Nuts-and-bolts information to plan your trip, plus a checklist of essentials to include when you pack
Entry Requirements: U.S. citizens need a valid passport to enter Canada. No visa required for stays up to six months.
Security: Toronto is considered one of the safest major cities in North America. As with any metropolitan area, however, there are some unsavory districts off the typical tourist’s path and traditional tourist areas attract petty thieves. Keep your wallet and shopping bags close, and don’t leave valuables in the car.
Time: Toronto follows U.S. eastern standard time.
Money: The currency in Toronto is the Canadian dollar. U.S. dollars are accepted in most Toronto establishments, although you’ll receive change in Canadian funds and exchange rates will differ from merchant to merchant. For current conversion rates go to www.oanda.com/convert/classic.
Phone Calls: The area codes for Toronto are 416 and 647. For phone calls to Toronto from within Canada and the U.S., dial 1 416 seven-digit phone number. For phone calls to Toronto from outside Canada and the U.S., dial your country’s international access code 1 416 seven-digit phone number. In Toronto, local calls from a pay phone cost 50 cents.
When to Go: Toronto’s climes can be dramatic and prone to hostile extremes. Expect hot and (sometimes terrifically) humid weather in the summertime; winters invite leaden skies, below-freezing temperatures, and snow. Springtime (when ravines pop into minty bloom) or autumn (when trees burn into color) are the best times to visit. May, June, September, and October are prime months for travel.
By Air: Toronto Pearson International Airport (YYZ, www.gtaa.com) is Canada’s principal airport. There are 76 scheduled and charter airlines currently serving Toronto Pearson International Airport. Air carriers provide nonstop service to 28 Canadian and 49 U.S. destinations and same-plane service to 76 international cities. Pearson Airport is located 17 miles (27 kilometers) from downtown and is accessible by public transit. The City Centre Airport (YTZ), located on the Toronto Island, provides flights to a host of Canadian cities (and now Newark, New Jersey) and links to the city by shuttle.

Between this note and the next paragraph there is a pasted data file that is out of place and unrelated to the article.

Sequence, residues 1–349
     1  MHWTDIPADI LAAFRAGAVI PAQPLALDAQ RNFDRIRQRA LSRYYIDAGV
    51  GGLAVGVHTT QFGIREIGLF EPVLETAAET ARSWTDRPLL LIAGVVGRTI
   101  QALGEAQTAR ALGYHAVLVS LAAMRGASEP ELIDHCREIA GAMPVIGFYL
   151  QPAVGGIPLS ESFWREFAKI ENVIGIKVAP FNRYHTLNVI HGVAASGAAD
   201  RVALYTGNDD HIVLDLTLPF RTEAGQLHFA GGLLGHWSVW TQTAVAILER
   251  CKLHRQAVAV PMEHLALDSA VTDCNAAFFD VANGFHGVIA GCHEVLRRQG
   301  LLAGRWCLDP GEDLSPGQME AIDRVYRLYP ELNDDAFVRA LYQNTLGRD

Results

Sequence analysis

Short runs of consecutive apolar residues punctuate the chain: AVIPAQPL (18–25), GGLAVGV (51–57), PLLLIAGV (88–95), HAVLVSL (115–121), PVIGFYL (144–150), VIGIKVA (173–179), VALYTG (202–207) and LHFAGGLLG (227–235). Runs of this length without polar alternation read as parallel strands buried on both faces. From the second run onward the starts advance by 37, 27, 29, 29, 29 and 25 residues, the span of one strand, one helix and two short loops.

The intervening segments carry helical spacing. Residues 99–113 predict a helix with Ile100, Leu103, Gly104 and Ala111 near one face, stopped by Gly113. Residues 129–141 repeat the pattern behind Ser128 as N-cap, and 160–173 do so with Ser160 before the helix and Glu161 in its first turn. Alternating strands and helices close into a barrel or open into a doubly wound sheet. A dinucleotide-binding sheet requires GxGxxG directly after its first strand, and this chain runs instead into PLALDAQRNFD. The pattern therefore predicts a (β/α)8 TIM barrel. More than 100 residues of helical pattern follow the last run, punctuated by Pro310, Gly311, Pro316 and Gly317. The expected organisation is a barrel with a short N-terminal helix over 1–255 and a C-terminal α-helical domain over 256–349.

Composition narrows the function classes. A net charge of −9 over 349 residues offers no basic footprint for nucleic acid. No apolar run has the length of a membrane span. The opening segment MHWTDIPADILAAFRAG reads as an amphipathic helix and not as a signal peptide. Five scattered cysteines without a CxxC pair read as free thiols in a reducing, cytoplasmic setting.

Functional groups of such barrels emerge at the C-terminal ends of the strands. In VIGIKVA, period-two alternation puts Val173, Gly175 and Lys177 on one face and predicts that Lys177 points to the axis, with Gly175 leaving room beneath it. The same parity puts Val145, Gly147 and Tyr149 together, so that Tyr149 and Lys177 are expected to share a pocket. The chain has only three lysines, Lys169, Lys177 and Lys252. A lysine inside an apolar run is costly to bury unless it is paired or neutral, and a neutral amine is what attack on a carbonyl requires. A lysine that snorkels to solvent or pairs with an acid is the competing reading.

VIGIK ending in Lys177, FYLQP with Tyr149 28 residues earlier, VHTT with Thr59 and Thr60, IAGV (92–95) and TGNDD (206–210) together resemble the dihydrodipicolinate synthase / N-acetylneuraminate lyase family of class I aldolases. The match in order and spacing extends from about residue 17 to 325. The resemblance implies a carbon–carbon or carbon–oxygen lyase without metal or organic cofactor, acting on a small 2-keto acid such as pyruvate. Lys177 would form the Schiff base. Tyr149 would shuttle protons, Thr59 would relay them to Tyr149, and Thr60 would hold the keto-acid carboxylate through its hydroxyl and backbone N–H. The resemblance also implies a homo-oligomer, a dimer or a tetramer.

By Rail: VIA Rail (for reservations, call 1 888 842 7245, www.viarail.com) and Amtrak (www.amtrak.com) provide frequent daily service from Canadian and U.S. hubs into downtown Toronto’s Union Station.
Getting Around: Parking in downtown Toronto can prove a frustrating (and expensive) undertaking, and constant condo construction means fewer and fewer available spots. Renting a car is ill-advised. Toronto Transit Commission (TTC, www.toronto.ca/ttc) is considered one of North America’s finest (and cleanest) transportation systems. Subways, buses, and streetcars are relatively reliable and easy to navigate. GO Transit (www.gotransit.com) is Ontario’s inter-regional bus and train service, linking Toronto with its suburbs. Taxis in Toronto are plentiful and easy to hail. PATH (www.toronto.ca/path) is downtown Toronto’s underground walkway linking 16 miles (27 kilometers) of subterranean shopping, services, and entertainment: a boon on subzero winter days.
Winter Wardrobe: For those brave enough to plan a sojourn in deep winter (January, February): pack a parka. The peacoat and woolies that might carry you through a Manhattan winter will not save you from aggressive Labrador winds. Down and Gore-Tex prove seasonal friends. Keep ears covered to protect against frostbite.
Winter Footwear: Snowy, slushy, salt-strewn streets are the enemy to the suede boot. And footwear should claim solid snowdrift-navigating treads to rescue you from nasty spills.
Summer Wardrobe: Temperatures in summer can soar, and soupy humidity can make long walks a wilting and steamy affair. Bring lots of gauzy cottons and linens for mid-summer visits.
Hot Weather Disclaimer: Asthmatics should be wary of summertime smog; and sunshine can be dangerous to the fair of complexion. Pack sunscreen.
Springtime Visits: Weather is wildly unpredictable—bewildering and exasperating even to locals—in March, April. Blizzards and heat waves and pretty much anything in between (hailstorms, thundershowers, and perfect sunshine) have been known to strike. Best to check the forecast before packing.
2014 Traveler Photo Contest
Submit your best shots for a chance to be featured in our weekly galleries and to win a grand prize trip for two to Alaska.